Yukos deal divides political opponents

  • 2001-06-28
  • Virgilijus Savickas
VILNIUS - Lithuania's acting government approved an agreement on the afternoon of June 25 between the U.S. oil company Williams International and Russia's Yukos for long-term oil supplies to the Lithuanian oil refinery Mazeikiu Nafta.

However, the government refused to issue a state guarantee to back $50 million litas of the loan from the Yukos company. This clause will be amended by both sides in the final text of the agreement by mid-September.

An agreement of cooperation was signed between Williams and Yukos on June 14, in which both are to become equal financial partners with a 26.85 percent share in the refinery. For it not to become void it had to be approved by the government by the end of June, but in the midst of the government crisis this was an uneasy task.

"A request by Algirdas Brazauskas not to proceed with the approval was made in a telephone conversation to me an hour and a half before the decision was due to be taken," said Eugenijus Gentvilas, acting prime minister, at a press conference.

Algirdas Brazauskas, a former president and leader of the Social Democrats, is considered to be the one and only candidate to the post of prime minister. Gentvilas quickly notified President Valdas Adamkus of the conversation.

The reaction was immediate. The president's adviser Darius Kuolys reported that Adamkus "insistently" asked Gentvilas to make sure the agreement with Yukos, "crucially important for the state," would be approved on June 25.

Kuolys added that Adamkus considered the Social Democrat leader's "pressure not to sign the agreement" was "against the state."

U.S. President George W. Bush and Secretary of State Colin Powell sent letters to the Lithuanian president welcoming the agreement and praised Lithuania for its achievements in trans-Atlantic integration.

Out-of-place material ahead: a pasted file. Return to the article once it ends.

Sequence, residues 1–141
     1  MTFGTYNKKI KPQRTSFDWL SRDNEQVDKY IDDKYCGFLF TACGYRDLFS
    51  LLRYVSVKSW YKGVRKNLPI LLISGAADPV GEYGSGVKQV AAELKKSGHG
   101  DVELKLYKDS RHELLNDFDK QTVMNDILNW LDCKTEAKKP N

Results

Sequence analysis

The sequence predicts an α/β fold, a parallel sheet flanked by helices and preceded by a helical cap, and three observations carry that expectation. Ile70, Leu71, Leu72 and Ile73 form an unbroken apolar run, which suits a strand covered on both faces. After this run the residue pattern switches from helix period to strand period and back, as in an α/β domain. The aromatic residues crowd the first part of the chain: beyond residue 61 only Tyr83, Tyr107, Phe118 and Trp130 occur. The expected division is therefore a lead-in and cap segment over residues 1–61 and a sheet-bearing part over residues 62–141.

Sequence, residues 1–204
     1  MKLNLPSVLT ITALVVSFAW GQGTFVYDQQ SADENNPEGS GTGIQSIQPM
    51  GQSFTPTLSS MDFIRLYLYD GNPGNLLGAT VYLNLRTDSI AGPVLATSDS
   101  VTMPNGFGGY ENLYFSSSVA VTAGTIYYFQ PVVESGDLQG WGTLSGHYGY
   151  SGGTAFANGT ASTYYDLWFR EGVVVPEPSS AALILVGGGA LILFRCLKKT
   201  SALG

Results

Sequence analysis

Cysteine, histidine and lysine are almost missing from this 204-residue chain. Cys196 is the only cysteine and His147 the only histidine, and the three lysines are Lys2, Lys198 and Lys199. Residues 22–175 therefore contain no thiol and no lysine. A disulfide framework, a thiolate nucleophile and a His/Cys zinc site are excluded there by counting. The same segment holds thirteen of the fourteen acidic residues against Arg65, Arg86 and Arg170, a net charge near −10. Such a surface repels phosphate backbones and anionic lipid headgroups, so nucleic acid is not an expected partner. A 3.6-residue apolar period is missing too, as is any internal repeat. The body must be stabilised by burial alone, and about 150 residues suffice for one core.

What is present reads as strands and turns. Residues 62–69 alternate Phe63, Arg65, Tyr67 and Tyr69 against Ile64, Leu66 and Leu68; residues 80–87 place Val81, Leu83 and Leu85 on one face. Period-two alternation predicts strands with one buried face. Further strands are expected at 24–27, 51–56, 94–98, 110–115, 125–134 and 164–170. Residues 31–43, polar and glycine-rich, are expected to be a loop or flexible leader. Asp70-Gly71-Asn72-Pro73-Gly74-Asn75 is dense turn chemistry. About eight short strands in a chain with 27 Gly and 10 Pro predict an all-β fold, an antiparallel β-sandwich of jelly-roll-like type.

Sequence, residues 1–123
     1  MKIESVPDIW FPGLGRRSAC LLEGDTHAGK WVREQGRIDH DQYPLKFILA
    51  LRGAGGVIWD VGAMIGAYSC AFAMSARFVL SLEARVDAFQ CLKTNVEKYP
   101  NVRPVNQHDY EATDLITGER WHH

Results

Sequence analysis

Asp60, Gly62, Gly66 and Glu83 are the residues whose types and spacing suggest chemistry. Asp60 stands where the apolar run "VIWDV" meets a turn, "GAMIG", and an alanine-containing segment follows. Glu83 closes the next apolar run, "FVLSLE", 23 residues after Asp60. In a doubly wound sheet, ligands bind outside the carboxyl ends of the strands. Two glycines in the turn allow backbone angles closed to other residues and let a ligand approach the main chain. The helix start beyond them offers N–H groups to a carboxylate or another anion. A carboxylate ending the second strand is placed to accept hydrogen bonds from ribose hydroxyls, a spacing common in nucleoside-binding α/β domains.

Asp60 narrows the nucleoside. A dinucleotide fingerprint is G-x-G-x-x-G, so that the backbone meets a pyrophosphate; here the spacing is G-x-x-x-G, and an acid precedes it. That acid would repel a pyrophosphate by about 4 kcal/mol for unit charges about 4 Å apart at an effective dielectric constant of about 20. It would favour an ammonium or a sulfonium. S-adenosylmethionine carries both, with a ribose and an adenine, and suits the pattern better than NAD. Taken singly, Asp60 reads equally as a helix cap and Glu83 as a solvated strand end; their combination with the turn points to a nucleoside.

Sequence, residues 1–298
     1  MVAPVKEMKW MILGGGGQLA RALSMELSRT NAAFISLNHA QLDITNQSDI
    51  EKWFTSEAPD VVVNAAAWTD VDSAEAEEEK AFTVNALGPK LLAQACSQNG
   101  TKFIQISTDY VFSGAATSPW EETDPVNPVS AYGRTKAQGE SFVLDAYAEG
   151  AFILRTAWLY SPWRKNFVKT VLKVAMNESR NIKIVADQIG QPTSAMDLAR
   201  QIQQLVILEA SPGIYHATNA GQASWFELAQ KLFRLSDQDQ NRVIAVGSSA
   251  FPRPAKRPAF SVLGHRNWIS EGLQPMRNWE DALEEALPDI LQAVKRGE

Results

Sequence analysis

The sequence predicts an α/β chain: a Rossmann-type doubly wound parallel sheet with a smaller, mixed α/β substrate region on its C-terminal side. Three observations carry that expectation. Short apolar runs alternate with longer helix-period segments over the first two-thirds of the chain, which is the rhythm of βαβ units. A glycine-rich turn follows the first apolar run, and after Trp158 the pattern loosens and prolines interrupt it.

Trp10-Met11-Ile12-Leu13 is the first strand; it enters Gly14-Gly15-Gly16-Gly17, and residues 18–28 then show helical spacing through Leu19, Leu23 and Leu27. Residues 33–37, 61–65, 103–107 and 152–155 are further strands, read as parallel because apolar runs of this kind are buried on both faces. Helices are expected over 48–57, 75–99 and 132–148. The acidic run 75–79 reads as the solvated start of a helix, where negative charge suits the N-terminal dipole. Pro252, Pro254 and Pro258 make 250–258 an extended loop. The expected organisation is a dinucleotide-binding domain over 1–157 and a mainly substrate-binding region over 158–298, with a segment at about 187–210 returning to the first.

"We value your strong leadership in increasing Lithuania's defense capabilities, solidifying our excellent commercial ties, and maintaining good neighborly relations," Bush said in his letter.

"There is great mutual benefit to our support of Williams' $400 million energy-sector investment, especially given the new long-term oil supply agreement with a Russian supplier," Powell said in his letter.

Arturas Paulauskas, parliamentary chairman and now clearly a close ally of Brazauskas, accused the Liberals and resigned prime minister Rolandas Paksas of being a slave to the interests of Russian oil companies.

This accusation was based on the report of an adviser to the prime minister who Paulauskas declined to name. Negative conclusions on the agreement with Yukos were allegedly raised in the report.

No decision has been made yet on the privatization of the state-run giant Lietuvos Dujos. Gentvilas invited Brazauskas, Paulauskas and other party leaders for consultations on June 27.

"There should be a consensus of all political parties in this issue," Gentvilas told Lithuanian TV.